Pillas, Martin Win; Ashley Breaks Through

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OCEAN CITY – This week’s municipal election was a remarkably close one, as voters returned incumbents Margaret Pillas and Lloyd Martin and welcomed Brent Ashley to office.

The atmosphere at the convention center on Tuesday was a dramatic one as the results were read aloud. The silence was broken by an eruption of cheering as Councilman Joe Hall held Ashley’s hand in the air for victory.

“I’m feeling very good,” Ashley said. “I think the message was heard by the taxpayers of Ocean City. The town has to be more fiscally responsible and conservative, and I think the results speak for themselves.”

Pillas responded in tears of joy after the results were announced.

“I’m a little dazed,” Pillas said. “It was a lot of hard work … I think it paid off. And I think the taxpayers will benefit from all our hard work. We’re a conservative group and times are tough, and we’re going to try to join together with the other three and get the town through these hard times. … This is my fifth run. I have spent all that time building connections and bonding with taxpayers. The voters started trusting me after so many years and they saw me work on the council and now they know…I have built up this network of people that say, ‘She walks her talk.’”

Martin’s enthusiasm was tempered by his disappointment that colleague Joe Mitrecic would not be returning to the council with him. Both Martin and Mitrecic were elected to the council in 2002.

“It’s going to be different. When you take all the different personalities out of it and work for the common good of the town, we all have the same interest. It’s about bringing people here and keeping it a clean and safe place,” Martin said. “I think that Ocean City is going in the right direction. We are right sizing the government and I think some people understand that it doesn’t happen over night. All in all Ocean City’s doing the right thing and they have the confidence in me.”

Although Martin is sure the council will unite eventually for the common good of the town, he is still skeptical in how the different points of view are going to mesh.

“When I ran the meeting a few weeks ago when Joe [Mitrecic] was absent … I saw a divide. I don’t want the Washington D.C divide to come to the town of Ocean City. I would like to see the town continue to prosper. We all need to work together,” Martin said.

Pillas said that Ocean City could look forward to a united council. She believes the seven council members will get Ocean City through the hard times.

“It’s going to be hard, as the assessments go down and tourism doesn’t go where it needs to go, and we’re going to have to pay the bills and provide essential services. I think the seven of us are ready for it,” she said.

Pillas admitted that she sounds like “apple pie” but she believes that the differences between the council will resolve.

“We are all in a competition…we will install everybody, and everybody will settle down. It’s bigger then us, the world goes on,” she said.

Mayor Rick Meehan seemed a bit dazed himself on election night by the results, but he’s confident the council will work together.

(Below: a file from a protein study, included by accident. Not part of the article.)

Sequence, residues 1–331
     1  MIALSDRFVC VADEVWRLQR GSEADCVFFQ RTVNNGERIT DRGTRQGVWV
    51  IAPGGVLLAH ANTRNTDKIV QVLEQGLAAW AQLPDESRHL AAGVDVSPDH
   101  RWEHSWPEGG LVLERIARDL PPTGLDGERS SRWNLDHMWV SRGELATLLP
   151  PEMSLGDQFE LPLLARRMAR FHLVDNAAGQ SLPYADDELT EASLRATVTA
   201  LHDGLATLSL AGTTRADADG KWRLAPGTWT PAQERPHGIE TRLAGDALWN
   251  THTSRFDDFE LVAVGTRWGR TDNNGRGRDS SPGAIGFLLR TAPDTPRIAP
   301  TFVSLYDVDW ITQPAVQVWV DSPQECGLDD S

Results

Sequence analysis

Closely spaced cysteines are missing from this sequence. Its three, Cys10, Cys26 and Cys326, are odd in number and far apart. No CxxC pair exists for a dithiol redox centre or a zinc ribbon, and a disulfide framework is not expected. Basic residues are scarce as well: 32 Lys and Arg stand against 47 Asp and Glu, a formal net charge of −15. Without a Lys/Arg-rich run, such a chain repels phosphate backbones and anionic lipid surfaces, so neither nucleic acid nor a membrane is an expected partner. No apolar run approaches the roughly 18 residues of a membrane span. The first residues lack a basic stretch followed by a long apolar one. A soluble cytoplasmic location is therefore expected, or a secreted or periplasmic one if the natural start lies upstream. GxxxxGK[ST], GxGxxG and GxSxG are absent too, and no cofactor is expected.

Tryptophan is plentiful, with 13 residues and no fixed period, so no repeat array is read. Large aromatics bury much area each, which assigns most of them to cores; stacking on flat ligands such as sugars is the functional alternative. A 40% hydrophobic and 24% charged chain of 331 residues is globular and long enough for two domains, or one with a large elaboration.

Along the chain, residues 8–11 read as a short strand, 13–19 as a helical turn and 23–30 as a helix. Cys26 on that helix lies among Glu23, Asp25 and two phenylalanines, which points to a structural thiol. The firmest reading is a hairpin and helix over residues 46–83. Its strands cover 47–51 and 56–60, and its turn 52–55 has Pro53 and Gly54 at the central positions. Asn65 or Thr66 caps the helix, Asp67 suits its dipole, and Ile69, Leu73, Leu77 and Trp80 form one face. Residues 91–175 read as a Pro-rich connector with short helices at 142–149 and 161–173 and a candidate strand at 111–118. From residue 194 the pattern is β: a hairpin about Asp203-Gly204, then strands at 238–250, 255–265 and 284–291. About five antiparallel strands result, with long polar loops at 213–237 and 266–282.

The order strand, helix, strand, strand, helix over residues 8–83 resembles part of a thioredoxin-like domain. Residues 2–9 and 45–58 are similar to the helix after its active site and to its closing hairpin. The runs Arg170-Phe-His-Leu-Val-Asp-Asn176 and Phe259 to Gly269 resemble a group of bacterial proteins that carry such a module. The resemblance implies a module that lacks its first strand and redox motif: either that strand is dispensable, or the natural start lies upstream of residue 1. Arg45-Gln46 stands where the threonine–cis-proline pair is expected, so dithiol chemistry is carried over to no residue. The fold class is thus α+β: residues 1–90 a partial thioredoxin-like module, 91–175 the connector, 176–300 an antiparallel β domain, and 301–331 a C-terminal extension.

“Everybody has differences of opinions,” Mayor Meehan said. “I think in the past we have always been able to talk through an issue and come to a consensus, and most of the time move forward. I think we’re going to see the same thing continue on the council.”

“This whole issue is about the taxpayers, and we all need to be conservative here,” Pillas said. “They want us to be and that’s it.”

According to the mayor, the taxpayers have always been a top priority during the council meetings.

“Even before the election the council was continuing to re-evaluate how we do things, our pay scales, and the different functions of our government,” Meehan said. “We will continue to do that and I don’t think the town will be lost. I think we are moving in the right direction.”

Ashley believes the taxpayers have realized that spending has led to the problems that Ocean City faces today. He thinks the taxpayers are looking for a more conservative approach and a smaller, more efficient government.

“I definitely feel that the spending is going to be more conservative and the budget is going to be scrutinized more,” he said. “I think we are going to have to go through some more meat items and not so much the low hanging fruit.”

Ashley is not sure of what to expect from the other council members until he begins working with them.

“My approach is going to be to work with everybody. There’s definitely different points of view on the council,” Ashley said. “From my perspective, I’m going to try to work with everybody to be more responsive to the community and more responsive to budget issues.”

Ashley feels honored in gaining the opportunity to represent Ocean City.

“I would like to thank the people of Ocean City,” Ashley said. “I am a straight talker and whatever the situation is the taxpayer will know it. There will be nothing hidden. I am a big advocate of transparency, so if it’s good or bad news the taxpayers will know it and they’ll know the reason behind it. No more guessing for the taxpayers. … I can promise the taxpayers that the big spending days are over.”

For his part, Meehan looks forward to working with the new council.

“As mayor, I’m here to represent the people of Ocean City the very best way I can,” he said. “I am going to continue to work with the City Council and city manager to support the voters and the confidence the people have given us.”

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